Then one day in the middle of December last year, 2015, I suddenly realised that I only had a few more weeks left on my Ancestry membership. At the time I was undecided as to whether I would renew the membership for another year so I decided that in the event of letting the membership lapse I should make good use of the few weeks that I had left. So, I decided that I would spend some time each day researching the site until my membership expired. I thought I would start with Patrick Smith. Give him another try. Why not? I typed in the name Patrick Smith, his approximate date of birth and his approximate year of arrival in New South Wales. The same names and ship arrivals showed up as had done on my previous searches. I felt frustrated. Then I noticed that after about 4 listings of the name Patrick SMITH there were quite a few for Patrick SMYTH. I thought I would give a few of them a try. I clicked on the first one, it opened up and my heart skipped a beat. I had found him. Just like that! After 2 years of searching. And why, I hear you asking, was I so sure it was him, my Patrick Smith?
It was because The Assisted Immigrant Passenger Lists, 1828-1896 listed as an arrival in New South Wales on the Gloriana on 27th July, 1855
- Patrick Smyth age 23, a farm labourer
- Place of origin: Cavan
- Religion: RC
- Read or Write: neither
- Parents: Hugh and Bridget living at Ryefield, county Cavan
- Relations living in the colony: a cousin Ellen Carroll living in Sydney
- Remarks by Immigration Board: £5 per Ellen Carroll
A number of my questions were answered all at once. Now I knew his date of arrival and the ship he arrived on but I also knew that he and Ellen were cousins and had probably known each other in Ireland. Ellen had in fact helped sponsor his passage to Australia. It is such a wonderful feeling to fit another piece into the jigsaw that is family history research.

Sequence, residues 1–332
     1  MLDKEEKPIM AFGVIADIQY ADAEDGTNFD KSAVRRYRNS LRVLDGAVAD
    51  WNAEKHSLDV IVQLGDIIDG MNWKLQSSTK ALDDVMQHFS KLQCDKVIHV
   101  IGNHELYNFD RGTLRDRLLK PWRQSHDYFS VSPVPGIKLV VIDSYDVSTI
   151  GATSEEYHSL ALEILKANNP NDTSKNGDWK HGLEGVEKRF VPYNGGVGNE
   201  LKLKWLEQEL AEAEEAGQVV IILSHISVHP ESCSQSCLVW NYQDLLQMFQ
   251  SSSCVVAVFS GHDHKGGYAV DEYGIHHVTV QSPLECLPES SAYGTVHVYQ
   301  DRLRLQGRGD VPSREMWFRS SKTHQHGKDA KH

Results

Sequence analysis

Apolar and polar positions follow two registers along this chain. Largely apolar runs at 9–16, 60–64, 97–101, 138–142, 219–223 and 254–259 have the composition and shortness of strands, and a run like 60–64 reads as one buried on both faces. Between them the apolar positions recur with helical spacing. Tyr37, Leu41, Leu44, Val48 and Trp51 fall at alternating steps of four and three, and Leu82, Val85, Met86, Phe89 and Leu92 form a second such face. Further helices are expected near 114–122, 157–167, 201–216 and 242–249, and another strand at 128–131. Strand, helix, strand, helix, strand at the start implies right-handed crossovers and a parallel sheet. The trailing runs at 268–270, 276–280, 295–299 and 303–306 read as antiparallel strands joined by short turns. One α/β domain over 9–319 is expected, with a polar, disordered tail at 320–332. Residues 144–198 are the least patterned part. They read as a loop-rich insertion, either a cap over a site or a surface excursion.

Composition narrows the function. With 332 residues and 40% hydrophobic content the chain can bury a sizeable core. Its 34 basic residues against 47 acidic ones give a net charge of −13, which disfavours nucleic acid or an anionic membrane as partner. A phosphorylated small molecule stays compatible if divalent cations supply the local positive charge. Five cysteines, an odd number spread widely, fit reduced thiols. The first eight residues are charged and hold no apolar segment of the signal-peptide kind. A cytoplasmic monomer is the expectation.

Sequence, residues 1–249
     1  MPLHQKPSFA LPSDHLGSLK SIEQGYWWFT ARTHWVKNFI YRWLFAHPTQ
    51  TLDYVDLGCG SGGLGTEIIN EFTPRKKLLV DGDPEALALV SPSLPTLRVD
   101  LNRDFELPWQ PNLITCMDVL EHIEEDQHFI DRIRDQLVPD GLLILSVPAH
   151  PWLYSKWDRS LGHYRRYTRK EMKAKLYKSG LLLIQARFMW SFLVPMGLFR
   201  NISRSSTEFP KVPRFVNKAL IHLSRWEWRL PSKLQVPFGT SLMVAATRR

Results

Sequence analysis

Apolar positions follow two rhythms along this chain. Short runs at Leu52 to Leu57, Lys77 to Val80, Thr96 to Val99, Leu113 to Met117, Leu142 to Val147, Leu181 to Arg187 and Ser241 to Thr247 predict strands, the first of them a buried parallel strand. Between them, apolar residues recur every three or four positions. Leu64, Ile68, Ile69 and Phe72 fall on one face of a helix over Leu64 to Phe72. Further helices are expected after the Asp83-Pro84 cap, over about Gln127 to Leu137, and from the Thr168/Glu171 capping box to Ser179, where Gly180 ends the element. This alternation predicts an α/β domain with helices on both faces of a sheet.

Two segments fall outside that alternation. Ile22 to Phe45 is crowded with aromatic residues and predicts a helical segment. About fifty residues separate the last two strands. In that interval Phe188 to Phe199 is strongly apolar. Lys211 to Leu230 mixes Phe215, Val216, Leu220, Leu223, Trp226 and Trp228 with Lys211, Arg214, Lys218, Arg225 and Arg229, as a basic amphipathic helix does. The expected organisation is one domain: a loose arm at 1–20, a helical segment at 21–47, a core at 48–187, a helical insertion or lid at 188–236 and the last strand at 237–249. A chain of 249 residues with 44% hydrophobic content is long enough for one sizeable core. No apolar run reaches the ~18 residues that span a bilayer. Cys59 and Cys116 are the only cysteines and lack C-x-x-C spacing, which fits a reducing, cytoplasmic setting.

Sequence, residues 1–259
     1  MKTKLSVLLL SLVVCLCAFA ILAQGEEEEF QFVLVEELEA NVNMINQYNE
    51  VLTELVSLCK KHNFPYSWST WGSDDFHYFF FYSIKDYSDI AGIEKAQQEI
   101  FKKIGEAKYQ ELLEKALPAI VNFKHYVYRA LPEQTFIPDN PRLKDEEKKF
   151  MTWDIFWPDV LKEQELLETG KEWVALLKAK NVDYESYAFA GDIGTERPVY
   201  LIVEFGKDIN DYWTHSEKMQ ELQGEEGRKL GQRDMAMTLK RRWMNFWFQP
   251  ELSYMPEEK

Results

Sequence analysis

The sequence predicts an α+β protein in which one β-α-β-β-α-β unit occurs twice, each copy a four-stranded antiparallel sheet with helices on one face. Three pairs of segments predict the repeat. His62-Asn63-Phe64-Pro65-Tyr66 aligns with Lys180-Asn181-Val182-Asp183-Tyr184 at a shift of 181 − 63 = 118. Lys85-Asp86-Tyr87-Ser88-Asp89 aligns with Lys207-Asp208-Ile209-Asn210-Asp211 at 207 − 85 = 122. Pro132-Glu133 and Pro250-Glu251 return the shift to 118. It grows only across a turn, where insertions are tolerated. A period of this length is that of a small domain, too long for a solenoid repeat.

An added bonus was that I had discovered Patrick’s father’s name. It was Hugh. Patrick and Ellen named their eldest son, Hugh and that name has been given to several members of the family since then. I always wondered where the name had come from because the name Hugh, although not uncommon, is also not a name you hear all that often. Now I knew.
However, this also makes me remember that I had forgotten another piece of valuable information that I first learned when I joined GSQ and that is “naming patterns.” A naming pattern often used in Ireland was to name the first born son after the paternal grandfather. So, Patrick and Ellen’s first son was called Hugh after Patrick’s father.
I was very excited by my discovery and immediately phoned my father. He is also called Hugh and is the great grandson of Ellen and Patrick. He is now 89 years old. He was delighted with the information, so much so, that he decided to give me membership to Ancestry for another year for my birthday which falls very close to Christmas. So, I didn’t have to make a decision about the membership after all and now have another year of researching Ancestry from the comfort of my own home. A very happy ending, indeed.